Born in 1962 to a high-ranking Soviet family (Dugin’s father was a military intelligence officer), Dugin came to national prominence in the 1990s as a writer for the far-right newspaper Den. A 1991 manifesto serialized in Den, “The Great War of the Continents,” laid out his vision of Russia as an “eternal Rome” facing off against an individualistic, materialistic West: the “eternal Carthage.” In the early 1990s, he co-founded the National Bolshevik Party with controversial punk-pornography novelist Eduard Limonov, blending fascist and communist-nostalgic rhetoric and imagery; edgy, ironic (and not-so-ironic) transgression; and genuine reactionary politics. The party’s flag was a black hammer and sickle in a white circle against a red background, a communist mirror image of a swastika. The party’s half-sincere mantra? “Da smert” (Yes, death), delivered with a sieg-heil-style raised arm.
His breakthrough work was the 1997 book “The Foundations of Geopolitics: The Geopolitical Future of Russia,” which was so wildly popular that supermarkets placed it at their checkout counters. It set out a playbook for dealing with the West that seems by now all too familiar: using disinformation and soft power to “provoke all forms of instability and separatism” within the United States, including by stoking racial and political tensions, while bolstering nationalism and authoritarianism at home.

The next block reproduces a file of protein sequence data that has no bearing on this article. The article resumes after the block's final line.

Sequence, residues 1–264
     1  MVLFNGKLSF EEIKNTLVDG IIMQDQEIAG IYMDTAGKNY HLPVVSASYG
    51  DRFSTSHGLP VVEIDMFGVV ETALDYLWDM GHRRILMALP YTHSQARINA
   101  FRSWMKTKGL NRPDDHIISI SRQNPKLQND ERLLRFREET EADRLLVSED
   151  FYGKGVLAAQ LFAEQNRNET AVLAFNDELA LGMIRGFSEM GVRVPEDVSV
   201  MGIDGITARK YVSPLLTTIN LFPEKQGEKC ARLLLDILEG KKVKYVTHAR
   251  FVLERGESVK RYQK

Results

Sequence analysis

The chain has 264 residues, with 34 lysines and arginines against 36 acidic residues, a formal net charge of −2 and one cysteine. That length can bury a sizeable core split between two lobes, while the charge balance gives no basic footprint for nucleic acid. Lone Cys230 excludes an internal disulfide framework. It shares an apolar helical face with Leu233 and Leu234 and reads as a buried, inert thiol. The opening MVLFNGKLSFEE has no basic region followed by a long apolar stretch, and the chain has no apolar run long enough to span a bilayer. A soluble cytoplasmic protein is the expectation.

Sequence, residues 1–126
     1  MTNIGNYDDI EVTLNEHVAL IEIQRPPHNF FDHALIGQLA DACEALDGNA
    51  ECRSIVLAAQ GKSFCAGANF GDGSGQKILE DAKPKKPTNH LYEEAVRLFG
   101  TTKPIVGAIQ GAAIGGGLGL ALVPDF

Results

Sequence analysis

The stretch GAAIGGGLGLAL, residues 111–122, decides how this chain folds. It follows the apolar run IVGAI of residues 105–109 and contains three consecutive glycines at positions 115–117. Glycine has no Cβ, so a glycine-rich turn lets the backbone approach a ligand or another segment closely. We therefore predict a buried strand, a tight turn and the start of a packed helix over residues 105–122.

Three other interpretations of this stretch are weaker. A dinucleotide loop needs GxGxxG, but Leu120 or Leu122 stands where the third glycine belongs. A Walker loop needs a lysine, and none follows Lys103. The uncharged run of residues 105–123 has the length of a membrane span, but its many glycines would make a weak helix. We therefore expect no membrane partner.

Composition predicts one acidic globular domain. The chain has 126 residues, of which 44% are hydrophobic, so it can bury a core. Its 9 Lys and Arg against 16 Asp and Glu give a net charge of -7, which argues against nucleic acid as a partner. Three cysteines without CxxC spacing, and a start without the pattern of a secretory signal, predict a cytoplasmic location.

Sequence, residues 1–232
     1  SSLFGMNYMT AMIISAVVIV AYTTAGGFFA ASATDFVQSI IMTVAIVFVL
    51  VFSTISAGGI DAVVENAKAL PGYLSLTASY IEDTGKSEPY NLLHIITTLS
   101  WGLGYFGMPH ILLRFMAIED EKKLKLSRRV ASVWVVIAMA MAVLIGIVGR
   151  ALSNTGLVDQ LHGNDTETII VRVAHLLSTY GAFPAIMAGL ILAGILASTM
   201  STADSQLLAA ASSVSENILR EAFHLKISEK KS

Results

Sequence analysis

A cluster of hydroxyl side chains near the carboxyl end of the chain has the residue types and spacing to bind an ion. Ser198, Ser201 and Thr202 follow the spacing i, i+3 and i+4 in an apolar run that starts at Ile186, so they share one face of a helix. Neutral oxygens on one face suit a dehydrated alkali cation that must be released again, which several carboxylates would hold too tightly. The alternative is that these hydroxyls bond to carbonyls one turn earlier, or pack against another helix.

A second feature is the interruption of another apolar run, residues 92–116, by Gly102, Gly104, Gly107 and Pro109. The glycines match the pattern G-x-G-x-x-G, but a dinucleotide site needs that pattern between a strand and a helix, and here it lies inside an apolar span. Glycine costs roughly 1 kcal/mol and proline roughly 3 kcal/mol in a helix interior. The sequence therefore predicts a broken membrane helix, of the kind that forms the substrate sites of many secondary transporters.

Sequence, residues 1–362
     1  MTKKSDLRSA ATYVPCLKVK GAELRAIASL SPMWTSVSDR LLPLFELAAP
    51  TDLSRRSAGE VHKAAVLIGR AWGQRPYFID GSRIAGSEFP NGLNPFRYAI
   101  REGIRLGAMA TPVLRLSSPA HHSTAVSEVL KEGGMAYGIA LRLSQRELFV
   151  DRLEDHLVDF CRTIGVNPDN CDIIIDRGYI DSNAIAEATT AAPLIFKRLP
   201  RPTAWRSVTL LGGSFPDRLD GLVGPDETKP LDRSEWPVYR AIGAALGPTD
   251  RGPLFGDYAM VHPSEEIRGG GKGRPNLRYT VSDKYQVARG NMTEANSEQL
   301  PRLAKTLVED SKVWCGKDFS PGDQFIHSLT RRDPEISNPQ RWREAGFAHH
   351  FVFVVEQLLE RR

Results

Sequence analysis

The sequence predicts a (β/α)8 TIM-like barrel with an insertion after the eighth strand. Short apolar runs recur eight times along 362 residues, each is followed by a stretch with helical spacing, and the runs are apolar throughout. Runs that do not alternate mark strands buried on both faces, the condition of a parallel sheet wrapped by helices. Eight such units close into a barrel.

Continuing to balance his intellectual work with more hands-on politics, in 2002 he created the far-right Eurasia Party, which was “welcomed by many in Putin’s administration,” the Russia analysts Anton Barbashin and Hannah Thoburn write in Foreign Affairs. They also note that he forged “strong ties” with Sergei Glazyev, a leader of the patriotic political bloc Rodria and now Putin’s top aide on “Eurasian integration.”
Dugin and his followers have been involved in several key moments in Russian imperial expansion. He was active in the disputed Ossetian regions during the 2008 Russia-Georgia war and collaborated with separatist activists in Ukraine in 2014. In 2009, notes Cathy Young in the Bulwark, he was appointed chair of the international relations section of the sociology department at the prestigious Moscow State University, although he was later pushed out — under disputed circumstances — in 2014, possibly as a result of incendiary comments calling for the mass slaughter of Ukrainians (“Kill them, kill them, kill them”). He remains a ubiquitous commentator on Russian television, a situation that could not exist without Putin’s endorsement.